At the beginning of the third leg, our navigator recalled,
“…a spectacular ‘parade of sail’ that left Halifax back out into the Atlantic for a “cruise in company” to Quebec with crew exchanges and visits to small towns in the Saint Lawrence Estuary. The visit to Quebec was very hospitable with a further parade of sail past the Heights of Abraham and a cruise in company back down the Saint Lawrence to Sydney, Cape Breton Island, taking in a detour up the Saguenay Fjord to Chicoutimi.”
The final part of race was from Sydney across the North Atlantic to Liverpool in England.
The Daytona owner continued seafaring, eventually becoming a captain in the Merchant Navy. During his illustrious career he worked with SeaCat on its innovative and pioneering high-speed aluminum catamarans as well as with Stena Line’s high-speed ferries before finally retiring in 2020.
Musing on his relationship with his Big Red, and decision to sell it on, he said:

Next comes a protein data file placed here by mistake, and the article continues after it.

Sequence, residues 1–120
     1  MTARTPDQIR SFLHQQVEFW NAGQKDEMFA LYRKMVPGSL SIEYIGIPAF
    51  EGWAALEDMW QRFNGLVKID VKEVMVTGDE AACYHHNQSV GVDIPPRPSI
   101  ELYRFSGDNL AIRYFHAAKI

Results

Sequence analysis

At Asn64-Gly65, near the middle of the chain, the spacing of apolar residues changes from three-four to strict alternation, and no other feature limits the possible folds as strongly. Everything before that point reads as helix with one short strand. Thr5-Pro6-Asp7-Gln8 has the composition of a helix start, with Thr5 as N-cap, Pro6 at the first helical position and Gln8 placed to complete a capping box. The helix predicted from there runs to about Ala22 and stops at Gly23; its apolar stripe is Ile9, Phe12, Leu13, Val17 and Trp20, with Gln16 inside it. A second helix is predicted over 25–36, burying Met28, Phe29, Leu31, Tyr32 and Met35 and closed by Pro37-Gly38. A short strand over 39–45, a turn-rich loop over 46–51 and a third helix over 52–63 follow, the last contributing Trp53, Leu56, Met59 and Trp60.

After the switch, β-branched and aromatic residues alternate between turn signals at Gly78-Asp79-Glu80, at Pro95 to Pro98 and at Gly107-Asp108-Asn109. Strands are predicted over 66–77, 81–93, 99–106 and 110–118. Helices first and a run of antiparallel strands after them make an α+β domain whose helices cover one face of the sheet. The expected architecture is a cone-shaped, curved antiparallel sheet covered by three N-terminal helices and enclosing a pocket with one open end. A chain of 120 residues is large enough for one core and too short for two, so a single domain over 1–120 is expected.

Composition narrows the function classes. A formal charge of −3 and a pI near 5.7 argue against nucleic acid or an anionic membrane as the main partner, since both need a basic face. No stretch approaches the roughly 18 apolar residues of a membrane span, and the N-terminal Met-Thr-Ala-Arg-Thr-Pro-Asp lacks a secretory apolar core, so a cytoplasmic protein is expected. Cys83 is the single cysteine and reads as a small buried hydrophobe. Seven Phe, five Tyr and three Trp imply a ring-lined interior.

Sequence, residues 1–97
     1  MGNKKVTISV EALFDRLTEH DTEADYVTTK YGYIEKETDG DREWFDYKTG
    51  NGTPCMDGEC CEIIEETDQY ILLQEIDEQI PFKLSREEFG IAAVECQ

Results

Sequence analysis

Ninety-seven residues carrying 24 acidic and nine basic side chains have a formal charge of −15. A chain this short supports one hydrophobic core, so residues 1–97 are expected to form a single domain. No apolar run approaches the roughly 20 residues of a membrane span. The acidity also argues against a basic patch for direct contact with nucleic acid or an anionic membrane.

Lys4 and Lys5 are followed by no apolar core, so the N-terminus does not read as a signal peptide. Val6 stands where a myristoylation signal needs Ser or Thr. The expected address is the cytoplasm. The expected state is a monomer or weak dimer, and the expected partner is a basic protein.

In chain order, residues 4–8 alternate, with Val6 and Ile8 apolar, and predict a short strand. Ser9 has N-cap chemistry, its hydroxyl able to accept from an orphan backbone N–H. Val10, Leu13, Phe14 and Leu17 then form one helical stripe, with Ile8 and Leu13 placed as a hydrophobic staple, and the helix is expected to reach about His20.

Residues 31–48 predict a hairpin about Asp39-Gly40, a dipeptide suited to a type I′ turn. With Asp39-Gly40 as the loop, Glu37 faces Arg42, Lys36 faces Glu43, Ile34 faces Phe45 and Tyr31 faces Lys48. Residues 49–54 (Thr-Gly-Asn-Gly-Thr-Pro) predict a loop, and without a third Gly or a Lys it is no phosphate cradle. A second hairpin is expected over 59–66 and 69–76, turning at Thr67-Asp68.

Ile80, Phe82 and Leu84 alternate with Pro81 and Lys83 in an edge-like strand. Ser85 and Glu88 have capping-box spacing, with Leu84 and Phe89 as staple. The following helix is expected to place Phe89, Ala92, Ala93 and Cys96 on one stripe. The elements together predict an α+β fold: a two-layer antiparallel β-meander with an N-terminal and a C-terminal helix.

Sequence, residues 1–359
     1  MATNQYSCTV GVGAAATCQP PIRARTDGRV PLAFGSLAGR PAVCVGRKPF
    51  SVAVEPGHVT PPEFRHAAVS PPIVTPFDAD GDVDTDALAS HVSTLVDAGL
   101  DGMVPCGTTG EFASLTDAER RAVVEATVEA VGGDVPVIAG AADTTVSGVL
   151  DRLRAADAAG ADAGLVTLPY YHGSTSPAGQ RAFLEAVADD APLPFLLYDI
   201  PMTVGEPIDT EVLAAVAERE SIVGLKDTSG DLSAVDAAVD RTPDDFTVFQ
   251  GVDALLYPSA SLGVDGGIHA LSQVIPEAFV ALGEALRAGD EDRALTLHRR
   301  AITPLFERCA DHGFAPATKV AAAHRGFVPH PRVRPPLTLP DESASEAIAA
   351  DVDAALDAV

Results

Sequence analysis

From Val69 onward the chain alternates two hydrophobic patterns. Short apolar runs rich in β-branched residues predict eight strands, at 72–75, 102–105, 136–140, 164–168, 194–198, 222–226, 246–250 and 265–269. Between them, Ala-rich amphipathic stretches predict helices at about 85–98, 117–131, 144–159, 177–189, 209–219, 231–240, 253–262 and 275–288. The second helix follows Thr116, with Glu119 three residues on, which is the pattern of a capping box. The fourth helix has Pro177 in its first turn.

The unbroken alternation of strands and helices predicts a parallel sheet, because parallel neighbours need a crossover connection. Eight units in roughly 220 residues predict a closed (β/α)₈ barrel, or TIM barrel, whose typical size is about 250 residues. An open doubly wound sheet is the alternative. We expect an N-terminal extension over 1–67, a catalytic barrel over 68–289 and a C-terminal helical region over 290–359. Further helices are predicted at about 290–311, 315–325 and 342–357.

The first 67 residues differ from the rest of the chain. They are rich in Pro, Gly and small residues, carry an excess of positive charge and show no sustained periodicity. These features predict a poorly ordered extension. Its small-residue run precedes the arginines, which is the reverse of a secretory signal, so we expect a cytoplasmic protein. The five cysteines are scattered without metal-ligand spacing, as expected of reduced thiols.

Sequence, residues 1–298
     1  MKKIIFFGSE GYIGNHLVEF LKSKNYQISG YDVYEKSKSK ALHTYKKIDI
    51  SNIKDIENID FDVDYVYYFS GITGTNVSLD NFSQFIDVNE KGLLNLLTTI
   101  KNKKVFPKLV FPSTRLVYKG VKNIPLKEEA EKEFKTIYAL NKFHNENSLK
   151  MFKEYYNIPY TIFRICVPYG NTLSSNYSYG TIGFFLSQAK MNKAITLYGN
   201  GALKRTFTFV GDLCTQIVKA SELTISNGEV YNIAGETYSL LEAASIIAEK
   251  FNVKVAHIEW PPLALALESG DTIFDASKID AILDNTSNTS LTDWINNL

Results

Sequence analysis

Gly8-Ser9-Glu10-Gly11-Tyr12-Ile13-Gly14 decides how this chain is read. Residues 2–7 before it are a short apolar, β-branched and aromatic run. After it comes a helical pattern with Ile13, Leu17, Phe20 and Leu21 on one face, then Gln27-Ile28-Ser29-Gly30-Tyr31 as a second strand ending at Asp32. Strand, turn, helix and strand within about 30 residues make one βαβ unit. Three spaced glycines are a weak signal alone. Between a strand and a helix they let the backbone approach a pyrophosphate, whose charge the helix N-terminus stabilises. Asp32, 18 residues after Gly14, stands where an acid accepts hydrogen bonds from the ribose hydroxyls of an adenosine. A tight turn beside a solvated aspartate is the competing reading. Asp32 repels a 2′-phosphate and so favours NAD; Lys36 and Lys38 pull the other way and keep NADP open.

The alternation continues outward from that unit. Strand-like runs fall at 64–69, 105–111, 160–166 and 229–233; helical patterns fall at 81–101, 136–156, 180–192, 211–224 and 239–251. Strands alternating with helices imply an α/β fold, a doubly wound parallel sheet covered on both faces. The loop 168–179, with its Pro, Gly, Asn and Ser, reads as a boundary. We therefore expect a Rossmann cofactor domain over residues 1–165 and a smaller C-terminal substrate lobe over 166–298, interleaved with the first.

“My Rolex served me very well in all conditions whether under sail, at work, or in social settings. However, as I realised the value of the watch and the potential for loss or damage, I stopped wearing it regularly and thereafter wore it only on special occasions. I gave my son the option of inheriting it but he opted for the proceeds to help buy a substantial sailing boat in which we can go voyaging together.”
This watch is a collector’s dream; it has seen true use of its functions, in the most exciting, often dangerous, scenarios. Following this, it enjoyed an early ‘retirement’ (unlike its owner), protected as it was, in great condition for the last 36 years. It comes complete with its box, outer box, papers and booklets. Serviced once circa 1990, even the few small original parts replaced during this process accompany the watch.
Lyon & Turnbull’s watch auction and valuations department is a dynamic one with significant expertise, creating diverse watch auctions in the UK with fine, rare, modern and vintage timepieces. In line with the growth of the pre-owned watch market in recent years, we hold six specialist watch auctions in the UK each year across our Edinburgh and London salerooms.
Take the first step to selling your jewellery at auction with a free, no-obligation, sales valuation. Contact our team in Edinburgh on 0131 557 8844 and in London on 0207 930 9115.